It was said that Christopher’s wife and daughter, Patience and Charlotte, had invented a “hedgerow champagne” which had eaten into the local soft drinks market to such an extent that the lemonade manufacturers wanted them driven out of town.
And so, near Pollards Inn on Etherley Lane, there was a collision between Christopher’s stationery cart and one driven by Mr Thompson. The prosecutor made it sound like the gipsies had pounced on Mr Thompson and gave him a thrashing with “an iron hand”.
“Mr Maw, in defence, pleaded for justice for his clients,” said the North-Eastern Daily Gazette, “who, although they were gipsies, were Englishmen and would, he knew, receive at the hands of the magistrates the fullest justice. When they heard the story of his witnesses, they would have a different impression of the affair.”
The witnesses established that Mr Thompson had been drinking whisky and had driven so furiously at the cart that a woman and child inside it were thrown out. He had then charged the vehicle so violently that the wheels became entangled.
It was so persuasive that magistrates discharged one of the gipsies and fined Christopher 6d.
Mr Maw told the court that the child thrown from the vehicle was “seriously ill”. It is believed that the child was Christopher’s daughter and that she subsequently died from her injuries.
Christopher and his family came from a long line of well known gipsies and were often to be found in County Durham. However, after the case, they left Bishop Auckland for Dundee where the womenfolk returned to fortune telling rather than brewing up hedgerow champagne – although the secret recipe still exists.
Four years after the case, Mr Maw was returning to Bishop on his horse down South Road after a distressing day’s hunting – he was “deeply grieved by the loss of a favourite pointer on the railway at Barnard Castle”.
At 8.15pm, near the station, outside the Wear Valley Hotel, he “came into violent contact with the two-horse mineral water van belonging to Mr Robert Thompson” – the head of the family firm of lemonade makers.
Mr Maw staggered into the hotel. “From the knee to the groin, the flesh was literally torn from the bone, and the haemorrhage was excessive,” said the Echo. “It was thought at one time that amputation must be performed, but that idea was not carried out. He partook of beef tea, milk and such like nutriment, but was too feeble to enter into conversation.” He died two days later.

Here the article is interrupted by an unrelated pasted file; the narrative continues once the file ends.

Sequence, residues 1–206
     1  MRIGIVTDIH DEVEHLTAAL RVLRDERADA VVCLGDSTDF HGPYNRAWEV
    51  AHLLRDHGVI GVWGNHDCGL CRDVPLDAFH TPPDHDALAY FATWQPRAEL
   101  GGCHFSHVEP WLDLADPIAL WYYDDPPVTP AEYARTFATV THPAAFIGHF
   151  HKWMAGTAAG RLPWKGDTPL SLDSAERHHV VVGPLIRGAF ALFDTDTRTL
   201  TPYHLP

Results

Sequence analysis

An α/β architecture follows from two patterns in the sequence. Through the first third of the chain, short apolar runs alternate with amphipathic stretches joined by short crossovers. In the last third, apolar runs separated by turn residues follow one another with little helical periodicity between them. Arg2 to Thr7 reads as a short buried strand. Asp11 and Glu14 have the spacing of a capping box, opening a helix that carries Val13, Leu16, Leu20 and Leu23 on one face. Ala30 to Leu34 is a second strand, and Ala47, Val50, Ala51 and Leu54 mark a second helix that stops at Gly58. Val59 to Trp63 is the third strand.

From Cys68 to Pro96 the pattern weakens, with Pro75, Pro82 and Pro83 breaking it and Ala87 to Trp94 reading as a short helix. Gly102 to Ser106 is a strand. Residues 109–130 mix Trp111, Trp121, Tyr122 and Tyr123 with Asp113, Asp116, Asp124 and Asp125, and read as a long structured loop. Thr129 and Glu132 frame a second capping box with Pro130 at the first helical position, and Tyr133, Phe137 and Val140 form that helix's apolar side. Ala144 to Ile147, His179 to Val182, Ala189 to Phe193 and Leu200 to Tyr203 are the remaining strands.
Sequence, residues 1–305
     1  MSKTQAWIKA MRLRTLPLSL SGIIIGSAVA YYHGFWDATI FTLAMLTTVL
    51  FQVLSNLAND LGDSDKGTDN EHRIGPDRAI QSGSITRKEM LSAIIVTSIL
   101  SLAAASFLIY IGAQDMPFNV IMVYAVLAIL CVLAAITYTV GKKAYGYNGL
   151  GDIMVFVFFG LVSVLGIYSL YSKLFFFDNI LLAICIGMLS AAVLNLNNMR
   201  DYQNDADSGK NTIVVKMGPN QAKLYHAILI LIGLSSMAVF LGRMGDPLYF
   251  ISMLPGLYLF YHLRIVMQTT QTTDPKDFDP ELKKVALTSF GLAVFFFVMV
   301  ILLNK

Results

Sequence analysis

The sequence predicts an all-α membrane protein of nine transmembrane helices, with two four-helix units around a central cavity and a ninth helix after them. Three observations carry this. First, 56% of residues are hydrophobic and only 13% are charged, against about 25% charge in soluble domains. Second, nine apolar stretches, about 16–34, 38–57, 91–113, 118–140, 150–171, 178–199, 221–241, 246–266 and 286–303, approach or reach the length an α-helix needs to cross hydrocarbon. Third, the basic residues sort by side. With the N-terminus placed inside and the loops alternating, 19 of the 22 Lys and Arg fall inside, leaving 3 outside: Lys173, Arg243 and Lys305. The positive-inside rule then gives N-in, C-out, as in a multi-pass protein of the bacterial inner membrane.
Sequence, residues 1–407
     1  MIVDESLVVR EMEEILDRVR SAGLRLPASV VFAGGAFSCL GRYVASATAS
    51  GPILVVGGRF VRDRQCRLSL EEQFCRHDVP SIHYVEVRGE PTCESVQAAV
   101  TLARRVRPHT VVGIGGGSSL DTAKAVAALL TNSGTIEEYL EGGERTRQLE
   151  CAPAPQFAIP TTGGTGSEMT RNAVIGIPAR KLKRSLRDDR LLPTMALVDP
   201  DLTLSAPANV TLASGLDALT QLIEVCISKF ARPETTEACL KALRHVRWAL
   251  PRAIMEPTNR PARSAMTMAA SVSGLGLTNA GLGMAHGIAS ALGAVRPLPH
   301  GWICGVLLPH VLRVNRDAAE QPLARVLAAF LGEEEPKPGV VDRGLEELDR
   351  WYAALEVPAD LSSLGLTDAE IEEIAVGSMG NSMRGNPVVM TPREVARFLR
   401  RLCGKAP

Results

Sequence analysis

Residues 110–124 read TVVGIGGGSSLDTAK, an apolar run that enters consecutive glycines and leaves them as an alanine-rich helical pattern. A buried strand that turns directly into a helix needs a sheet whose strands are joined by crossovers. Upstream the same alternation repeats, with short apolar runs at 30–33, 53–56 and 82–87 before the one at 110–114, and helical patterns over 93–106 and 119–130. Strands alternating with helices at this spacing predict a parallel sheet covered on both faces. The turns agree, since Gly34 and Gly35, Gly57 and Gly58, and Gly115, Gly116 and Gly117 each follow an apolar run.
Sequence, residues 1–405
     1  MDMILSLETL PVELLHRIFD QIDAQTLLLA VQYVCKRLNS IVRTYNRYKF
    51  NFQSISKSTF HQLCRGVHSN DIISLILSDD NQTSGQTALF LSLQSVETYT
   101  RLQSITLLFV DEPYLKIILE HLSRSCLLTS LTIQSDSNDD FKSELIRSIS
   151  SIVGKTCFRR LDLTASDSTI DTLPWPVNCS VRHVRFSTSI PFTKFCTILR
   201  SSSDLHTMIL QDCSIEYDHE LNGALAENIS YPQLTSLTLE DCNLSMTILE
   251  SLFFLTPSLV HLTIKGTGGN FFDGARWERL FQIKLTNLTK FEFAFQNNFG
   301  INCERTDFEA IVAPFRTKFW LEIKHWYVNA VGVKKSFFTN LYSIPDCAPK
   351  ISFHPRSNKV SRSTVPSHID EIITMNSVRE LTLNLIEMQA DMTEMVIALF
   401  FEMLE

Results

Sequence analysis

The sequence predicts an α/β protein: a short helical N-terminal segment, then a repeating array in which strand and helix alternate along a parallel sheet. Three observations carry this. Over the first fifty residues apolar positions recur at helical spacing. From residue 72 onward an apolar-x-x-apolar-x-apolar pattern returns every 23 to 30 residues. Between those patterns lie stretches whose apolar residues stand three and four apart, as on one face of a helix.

An inquest into his death put no blame whatsoever on Mr Thompson, although it recommended that the council should install a powerful lamp on the dark road.
His hugely attended funeral was the following day, his horse with an empty saddle limping behind the hearse as it made the short procession from his home at Henknowle, near the Cabin Gate crossroads, down Gitty Lane (now St Andrew’s Road) to St Andrew’s Church in South Church, where he was laid to rest.
“He was twice married, and was of a genial and generous turn, though determined and unyielding where he thought a display of his forensic strength was necessary to overcome an opponent,” said the Echo.
Not everything in this story is nailed down – old newspapers do not always explain things perfectly (unlike modern ones, of course).
But Josephine Smith-Mands, the great-grand-daughter of Christopher Smith who Mr Maw defended, has been in touch.
“I am very keen to learn more about the Durham side of things,” she says, “as I have been handed down the recipes from Patience and Charlotte. With a little 21st Century magic, I am hoping to do them proud by producing their tonics and "champagnes", which I hope to launch in 2020.
“It would be very special to connect with any relatives of George Maw. I would love to raise a glass of the Hedgerow to them, and I am hoping to name a mixer "Gentleman George" in his honour.”
George left a widow and a son. If you have any information about this amazing story, please email [email protected]